Two juvenile terns had a tug-o’- war over a fish tightly seized in their beaks. Their wings overlapped each other’s bodies in such a way that they looked like two drunken human friends shambling away from a bar. A curious baby tern watched and followed them around. I thought their parents would show up to break them up. The juveniles remained locked.

As much as I wanted to see who would win, I moved on and caught up with Anne and Debbie. Among the skimmers and terns was an oystercatcher family. They stayed just behind protection rope. The babies had the basic pattern of adult plumage, and already their legs and beaks were already long-ish and their heads nearly black. They climbed on a flat rock. A parent began walking towards the ocean. One of the two babies followed. It suddenly turned its attention elsewhere and fell behind. The parent stopped, repeatedly calling for it to keep following. (I don’t think I ever saw the parent blink during this half-minute. It was an odd sight, this red eye, surrounded by bright orange skin, constantly open.)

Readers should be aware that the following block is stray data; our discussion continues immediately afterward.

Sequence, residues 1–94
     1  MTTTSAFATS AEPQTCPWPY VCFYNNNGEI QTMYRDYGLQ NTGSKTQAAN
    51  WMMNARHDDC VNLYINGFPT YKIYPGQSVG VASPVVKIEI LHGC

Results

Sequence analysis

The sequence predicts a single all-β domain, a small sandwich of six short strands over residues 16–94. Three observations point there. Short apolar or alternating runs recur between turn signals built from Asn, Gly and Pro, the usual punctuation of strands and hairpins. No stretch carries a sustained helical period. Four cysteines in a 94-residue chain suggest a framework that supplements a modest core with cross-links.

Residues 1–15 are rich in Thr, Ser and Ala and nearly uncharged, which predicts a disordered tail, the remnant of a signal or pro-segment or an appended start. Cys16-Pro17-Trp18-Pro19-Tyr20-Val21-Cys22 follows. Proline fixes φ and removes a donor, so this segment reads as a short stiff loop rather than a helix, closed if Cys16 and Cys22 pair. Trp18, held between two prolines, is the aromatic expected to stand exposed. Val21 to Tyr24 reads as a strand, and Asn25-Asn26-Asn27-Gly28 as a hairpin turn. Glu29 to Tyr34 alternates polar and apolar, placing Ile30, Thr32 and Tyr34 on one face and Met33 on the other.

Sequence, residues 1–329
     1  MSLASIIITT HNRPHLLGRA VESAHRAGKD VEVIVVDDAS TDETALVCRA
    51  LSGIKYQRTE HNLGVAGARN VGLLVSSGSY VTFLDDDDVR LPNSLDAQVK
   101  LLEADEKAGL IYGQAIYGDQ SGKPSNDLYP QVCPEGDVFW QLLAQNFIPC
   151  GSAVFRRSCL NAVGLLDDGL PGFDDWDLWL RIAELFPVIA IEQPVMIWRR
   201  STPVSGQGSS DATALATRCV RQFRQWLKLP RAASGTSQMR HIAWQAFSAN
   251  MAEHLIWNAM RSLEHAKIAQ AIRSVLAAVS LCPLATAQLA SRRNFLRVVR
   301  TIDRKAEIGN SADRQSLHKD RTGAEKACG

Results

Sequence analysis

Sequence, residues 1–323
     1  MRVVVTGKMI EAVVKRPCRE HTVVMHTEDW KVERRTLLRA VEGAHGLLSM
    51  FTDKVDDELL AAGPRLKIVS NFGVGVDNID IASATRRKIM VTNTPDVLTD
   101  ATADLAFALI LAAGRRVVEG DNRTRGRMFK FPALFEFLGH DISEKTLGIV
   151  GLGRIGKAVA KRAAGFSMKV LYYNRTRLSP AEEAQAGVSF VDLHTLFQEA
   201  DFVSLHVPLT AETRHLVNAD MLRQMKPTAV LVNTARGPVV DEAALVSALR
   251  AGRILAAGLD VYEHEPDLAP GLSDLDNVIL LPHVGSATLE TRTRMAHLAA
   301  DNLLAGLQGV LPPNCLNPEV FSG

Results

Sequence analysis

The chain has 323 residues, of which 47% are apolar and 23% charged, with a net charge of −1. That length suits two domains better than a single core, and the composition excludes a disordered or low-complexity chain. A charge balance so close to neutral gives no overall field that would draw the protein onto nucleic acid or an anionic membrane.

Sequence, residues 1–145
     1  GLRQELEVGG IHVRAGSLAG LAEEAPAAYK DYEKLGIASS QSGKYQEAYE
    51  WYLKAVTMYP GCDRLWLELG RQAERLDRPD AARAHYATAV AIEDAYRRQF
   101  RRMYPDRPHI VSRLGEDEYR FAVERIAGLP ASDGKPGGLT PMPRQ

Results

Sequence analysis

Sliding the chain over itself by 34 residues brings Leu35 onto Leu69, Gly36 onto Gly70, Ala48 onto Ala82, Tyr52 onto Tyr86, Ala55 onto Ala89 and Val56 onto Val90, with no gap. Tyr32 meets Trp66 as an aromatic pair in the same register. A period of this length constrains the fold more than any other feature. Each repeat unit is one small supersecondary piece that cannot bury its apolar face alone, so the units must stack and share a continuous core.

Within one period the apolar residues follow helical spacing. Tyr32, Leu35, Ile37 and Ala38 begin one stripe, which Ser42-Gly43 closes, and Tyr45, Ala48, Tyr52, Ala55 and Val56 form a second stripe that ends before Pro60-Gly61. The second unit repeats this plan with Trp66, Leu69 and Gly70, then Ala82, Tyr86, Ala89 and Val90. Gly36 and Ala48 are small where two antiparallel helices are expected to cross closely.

When the parent reached the sand freshly grazed by the waves, and plucked from the sand a tiny shell . The baby scurried to pick the shell from its parent’s bill. As the parent gradually moved down with the shoreline, the baby tentatively trailed. After a few more feedings, the parent thought its offspring might take a small step towards independence. Rather than passing food bill to bill, it dropped the shell. The baby ran up to pluck it from the sand. And so the routine went thereafter.


Food time, starring American Oystercatchers. © S.G. Hansen